Statically typed functional programmes are, but nothing irritates me much more than people conflating ‘functional programming’ with ‘ML and its derivatives’. There’s much more to functional programming than Haskell. Lisps are functional programming languages, heck any language with first class functions and anonymous functions is technically a functional programming language! Functional programming as a paradigm is done in lots of languages, statically typed or not, strongly typed or not, intended to be used that way from the beginning or tacked on later.

                                                      I also think that this correspondence, while certainly very interesting, is mentioned much more often than it should be. For the average programmer writing average code, I’m not sure it has any relevance at all. To state that it’s the main distinction between the paradigms seems absurd. Surely the main distinction between the paradigms is their attitudes towards mutable state.

                                                      1. 3

                                                        OOP programs on the other hand have a much less direct link back to logic and lambda calculus.

                                                        True, but for a lot of people “tell THING to do ACTION” is more intuitive. One could argue that, while FP is closer to “pure computational formalisms”, OOP is closer to “human cognition.”

                                                        (I am not a cognitive scientist, I didn’t even stay in a Holiday Inn Express last night, but I’ve seen similar arguments before from more knowledgeable people.)

                                                        1. 3

                                                          If object-oriented programming actually involved ‘tell thing to do action’ then that would probably be true. But in practice it doesn’t look like the idealised ‘send message to actor’ kind of OOP, does it? Instead it’s things like ‘tell the string to upper-case itself’ and ‘tell the number to compare itself to this other number’. It just doesn’t really make much conceptual sense to talk about ‘telling objects to do some action’ in real world OOP programming.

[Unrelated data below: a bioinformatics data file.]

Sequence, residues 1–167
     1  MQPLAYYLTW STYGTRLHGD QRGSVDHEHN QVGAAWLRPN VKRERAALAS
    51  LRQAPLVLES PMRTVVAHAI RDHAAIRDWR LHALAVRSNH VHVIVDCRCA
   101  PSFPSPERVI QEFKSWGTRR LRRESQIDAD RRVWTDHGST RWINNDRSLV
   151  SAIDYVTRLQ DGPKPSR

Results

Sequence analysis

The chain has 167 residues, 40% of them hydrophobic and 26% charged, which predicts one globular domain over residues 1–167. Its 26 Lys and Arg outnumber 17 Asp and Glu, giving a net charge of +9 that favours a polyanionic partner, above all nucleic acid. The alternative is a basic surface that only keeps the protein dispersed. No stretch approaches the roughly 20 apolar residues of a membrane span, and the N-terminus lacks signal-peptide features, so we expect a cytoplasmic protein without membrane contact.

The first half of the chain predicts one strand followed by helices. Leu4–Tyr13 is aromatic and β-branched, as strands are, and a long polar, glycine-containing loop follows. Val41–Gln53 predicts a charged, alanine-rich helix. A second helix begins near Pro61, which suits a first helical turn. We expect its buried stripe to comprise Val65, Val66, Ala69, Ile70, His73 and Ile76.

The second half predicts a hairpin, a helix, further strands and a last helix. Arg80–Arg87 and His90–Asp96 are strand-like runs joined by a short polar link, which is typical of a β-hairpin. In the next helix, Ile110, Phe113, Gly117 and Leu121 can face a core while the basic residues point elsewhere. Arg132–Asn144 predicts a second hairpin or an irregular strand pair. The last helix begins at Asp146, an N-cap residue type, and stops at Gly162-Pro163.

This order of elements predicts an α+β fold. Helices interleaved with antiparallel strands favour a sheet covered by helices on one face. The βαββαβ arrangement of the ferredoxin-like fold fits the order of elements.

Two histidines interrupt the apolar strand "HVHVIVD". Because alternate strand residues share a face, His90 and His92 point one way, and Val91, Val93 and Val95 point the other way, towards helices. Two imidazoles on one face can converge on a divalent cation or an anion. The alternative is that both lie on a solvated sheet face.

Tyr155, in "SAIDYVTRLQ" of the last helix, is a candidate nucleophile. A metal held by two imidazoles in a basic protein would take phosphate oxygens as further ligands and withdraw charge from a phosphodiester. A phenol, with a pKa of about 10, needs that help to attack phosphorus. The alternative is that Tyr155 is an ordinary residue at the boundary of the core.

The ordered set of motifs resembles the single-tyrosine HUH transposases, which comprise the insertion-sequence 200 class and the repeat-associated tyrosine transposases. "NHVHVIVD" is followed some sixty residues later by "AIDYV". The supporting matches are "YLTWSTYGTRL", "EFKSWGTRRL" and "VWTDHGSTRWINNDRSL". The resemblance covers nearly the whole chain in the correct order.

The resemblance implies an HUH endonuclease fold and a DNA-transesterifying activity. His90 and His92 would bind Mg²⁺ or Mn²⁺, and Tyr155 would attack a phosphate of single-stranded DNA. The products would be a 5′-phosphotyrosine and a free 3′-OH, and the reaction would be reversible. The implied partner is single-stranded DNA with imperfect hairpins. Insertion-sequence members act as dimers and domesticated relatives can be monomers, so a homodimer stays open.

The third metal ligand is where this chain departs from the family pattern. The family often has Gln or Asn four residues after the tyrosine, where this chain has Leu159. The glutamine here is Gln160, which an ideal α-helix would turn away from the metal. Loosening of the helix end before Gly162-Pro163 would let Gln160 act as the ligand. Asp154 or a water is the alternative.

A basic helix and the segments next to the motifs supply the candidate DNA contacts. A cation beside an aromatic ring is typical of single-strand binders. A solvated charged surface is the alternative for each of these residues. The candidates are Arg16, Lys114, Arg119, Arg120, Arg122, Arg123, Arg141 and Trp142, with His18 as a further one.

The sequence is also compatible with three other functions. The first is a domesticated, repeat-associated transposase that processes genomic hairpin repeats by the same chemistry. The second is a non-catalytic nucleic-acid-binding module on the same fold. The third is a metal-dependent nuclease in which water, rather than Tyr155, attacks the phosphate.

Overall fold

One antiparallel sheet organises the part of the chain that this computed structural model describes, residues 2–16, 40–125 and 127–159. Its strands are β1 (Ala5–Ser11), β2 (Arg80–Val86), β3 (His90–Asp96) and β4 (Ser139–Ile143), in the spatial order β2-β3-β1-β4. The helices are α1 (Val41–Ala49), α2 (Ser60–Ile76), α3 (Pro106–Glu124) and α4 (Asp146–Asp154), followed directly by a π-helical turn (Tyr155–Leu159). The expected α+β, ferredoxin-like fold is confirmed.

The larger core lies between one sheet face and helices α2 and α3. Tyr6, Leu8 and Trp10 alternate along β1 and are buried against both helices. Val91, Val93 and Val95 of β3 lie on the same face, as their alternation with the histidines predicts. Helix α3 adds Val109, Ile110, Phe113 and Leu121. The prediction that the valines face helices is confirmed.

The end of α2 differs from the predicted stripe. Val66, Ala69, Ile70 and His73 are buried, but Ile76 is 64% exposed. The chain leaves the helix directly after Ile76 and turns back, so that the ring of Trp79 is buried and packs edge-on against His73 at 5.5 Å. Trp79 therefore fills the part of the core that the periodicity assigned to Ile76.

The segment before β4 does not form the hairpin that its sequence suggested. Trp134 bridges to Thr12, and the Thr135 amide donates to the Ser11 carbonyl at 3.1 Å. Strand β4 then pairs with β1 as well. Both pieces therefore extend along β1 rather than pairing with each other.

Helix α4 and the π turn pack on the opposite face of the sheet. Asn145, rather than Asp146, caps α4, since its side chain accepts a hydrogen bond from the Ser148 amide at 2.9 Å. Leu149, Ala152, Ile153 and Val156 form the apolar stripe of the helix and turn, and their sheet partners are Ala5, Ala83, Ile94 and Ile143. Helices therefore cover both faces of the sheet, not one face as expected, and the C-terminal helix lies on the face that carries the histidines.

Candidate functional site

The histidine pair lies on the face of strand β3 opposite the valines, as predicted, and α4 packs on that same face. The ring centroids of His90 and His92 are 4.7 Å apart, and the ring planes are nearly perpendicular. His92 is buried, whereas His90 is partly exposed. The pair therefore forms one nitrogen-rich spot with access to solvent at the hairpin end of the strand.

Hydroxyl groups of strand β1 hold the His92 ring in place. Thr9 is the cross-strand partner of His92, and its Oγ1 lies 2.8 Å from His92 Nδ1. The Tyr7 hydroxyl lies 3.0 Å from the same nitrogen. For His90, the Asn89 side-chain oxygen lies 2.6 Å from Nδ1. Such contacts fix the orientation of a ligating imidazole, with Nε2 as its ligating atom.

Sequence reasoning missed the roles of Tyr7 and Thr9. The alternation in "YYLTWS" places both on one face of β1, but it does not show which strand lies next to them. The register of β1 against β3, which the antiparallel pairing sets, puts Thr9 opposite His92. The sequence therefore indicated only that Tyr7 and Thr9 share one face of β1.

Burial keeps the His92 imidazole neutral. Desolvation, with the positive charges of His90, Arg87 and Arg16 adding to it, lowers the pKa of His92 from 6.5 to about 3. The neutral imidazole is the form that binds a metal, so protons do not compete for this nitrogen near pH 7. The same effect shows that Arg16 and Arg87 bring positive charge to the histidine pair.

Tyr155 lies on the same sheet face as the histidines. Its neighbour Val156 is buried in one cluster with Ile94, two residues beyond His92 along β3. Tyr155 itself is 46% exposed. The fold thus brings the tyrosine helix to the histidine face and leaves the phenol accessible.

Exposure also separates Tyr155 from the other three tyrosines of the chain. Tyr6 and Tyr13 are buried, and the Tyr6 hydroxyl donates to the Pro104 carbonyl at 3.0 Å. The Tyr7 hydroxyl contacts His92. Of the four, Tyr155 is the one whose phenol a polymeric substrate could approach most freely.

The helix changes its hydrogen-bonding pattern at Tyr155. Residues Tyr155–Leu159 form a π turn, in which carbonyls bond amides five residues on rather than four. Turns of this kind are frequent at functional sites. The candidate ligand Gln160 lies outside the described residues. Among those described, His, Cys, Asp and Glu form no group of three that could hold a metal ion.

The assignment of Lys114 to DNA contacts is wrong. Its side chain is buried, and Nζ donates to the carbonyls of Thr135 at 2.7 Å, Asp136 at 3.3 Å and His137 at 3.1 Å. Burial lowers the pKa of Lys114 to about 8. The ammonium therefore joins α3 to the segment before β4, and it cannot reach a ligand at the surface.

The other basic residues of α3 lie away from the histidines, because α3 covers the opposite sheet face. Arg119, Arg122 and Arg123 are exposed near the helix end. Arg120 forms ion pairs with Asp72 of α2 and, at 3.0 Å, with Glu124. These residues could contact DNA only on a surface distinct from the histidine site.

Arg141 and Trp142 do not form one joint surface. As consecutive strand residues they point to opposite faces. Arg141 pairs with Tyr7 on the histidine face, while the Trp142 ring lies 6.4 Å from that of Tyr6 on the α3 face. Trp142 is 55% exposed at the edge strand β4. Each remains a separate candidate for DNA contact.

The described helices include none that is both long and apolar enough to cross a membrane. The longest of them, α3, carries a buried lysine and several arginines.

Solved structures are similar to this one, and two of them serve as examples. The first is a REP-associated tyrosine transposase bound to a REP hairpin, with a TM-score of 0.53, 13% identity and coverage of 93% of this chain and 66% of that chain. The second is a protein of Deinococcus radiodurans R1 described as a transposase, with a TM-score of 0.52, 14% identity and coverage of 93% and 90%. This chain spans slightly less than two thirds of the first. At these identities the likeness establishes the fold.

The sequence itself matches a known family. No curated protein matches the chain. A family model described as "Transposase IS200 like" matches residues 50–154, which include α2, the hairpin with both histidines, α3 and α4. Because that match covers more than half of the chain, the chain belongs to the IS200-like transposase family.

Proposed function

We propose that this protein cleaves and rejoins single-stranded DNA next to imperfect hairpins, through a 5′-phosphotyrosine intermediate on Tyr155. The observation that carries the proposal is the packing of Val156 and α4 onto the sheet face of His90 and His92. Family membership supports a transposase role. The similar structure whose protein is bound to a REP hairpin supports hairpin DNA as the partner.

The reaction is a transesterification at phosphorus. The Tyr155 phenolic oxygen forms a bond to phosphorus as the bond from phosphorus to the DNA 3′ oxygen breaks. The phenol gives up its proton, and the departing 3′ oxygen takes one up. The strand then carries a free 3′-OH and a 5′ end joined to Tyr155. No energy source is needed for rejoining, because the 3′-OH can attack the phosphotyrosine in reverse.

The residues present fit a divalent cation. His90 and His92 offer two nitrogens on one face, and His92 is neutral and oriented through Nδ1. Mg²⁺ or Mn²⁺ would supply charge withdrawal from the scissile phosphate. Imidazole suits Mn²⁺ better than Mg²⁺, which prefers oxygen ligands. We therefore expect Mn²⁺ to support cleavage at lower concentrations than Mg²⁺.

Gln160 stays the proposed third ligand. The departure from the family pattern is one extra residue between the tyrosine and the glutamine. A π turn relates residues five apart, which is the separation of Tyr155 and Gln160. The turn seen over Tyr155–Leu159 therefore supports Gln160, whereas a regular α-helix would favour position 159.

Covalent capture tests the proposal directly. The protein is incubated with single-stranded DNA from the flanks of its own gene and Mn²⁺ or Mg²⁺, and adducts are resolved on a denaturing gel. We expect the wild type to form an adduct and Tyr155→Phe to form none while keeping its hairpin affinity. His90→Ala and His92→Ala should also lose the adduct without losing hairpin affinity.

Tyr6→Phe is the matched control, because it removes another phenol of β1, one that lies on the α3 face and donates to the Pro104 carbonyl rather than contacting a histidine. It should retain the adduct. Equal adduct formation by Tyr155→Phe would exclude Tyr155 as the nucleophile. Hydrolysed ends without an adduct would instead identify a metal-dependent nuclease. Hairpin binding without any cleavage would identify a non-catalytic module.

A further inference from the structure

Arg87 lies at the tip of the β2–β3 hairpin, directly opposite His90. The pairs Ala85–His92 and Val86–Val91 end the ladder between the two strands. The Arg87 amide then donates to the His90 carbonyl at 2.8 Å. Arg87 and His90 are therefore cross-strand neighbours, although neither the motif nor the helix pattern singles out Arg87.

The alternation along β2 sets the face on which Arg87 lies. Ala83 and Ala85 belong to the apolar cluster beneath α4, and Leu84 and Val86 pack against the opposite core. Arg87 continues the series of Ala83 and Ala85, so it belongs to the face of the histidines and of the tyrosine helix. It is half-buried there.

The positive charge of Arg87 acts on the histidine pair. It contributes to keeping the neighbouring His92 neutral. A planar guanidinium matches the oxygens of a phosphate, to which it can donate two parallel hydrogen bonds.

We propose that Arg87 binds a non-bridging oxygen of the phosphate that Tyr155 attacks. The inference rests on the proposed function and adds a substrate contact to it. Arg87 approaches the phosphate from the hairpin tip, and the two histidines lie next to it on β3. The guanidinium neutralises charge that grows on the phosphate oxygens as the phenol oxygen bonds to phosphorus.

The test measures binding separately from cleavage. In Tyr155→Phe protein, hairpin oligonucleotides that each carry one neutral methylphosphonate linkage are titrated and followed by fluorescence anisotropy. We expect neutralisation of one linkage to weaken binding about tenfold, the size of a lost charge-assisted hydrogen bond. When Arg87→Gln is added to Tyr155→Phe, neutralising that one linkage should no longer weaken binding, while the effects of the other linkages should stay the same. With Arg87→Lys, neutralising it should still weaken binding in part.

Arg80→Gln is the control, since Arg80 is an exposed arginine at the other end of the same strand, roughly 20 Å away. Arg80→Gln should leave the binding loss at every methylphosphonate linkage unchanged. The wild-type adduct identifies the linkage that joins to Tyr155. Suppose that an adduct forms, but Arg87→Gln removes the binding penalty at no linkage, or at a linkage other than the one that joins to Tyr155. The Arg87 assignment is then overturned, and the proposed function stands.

Really I’m not even sure if ‘OOP’ and ‘FP’ are really even a meaningful distinction to be making. I certainly don’t think they’re sliding ends of a different scale, or perfectly diametric opposites. They are both syntheses of a wide array of decisions about how to write computer programmes, and it’s certainly possible to make different sets of decisions than ‘FP’ and ‘OOP’. What each term even means seems to be somewhat disputed: a lot of people now use ‘FP’ to mean ‘statically typed functional programming with immutable state’ and ‘OOP’ to mean ‘anything with inheritance’.

                                                          For example, take ‘normal’ OOP but never mutate the states of objects. Is this now FP? No, objects are still bundles of data and state, so it’s still OOP, but is it even a dichotomy? Some would say Java is OOP so it isn’t FP by definition, but I would say that it has lambdas now, so it is actually just another FP language, and the creators and advocates of Lisp were right: eventually, everyone would have closures.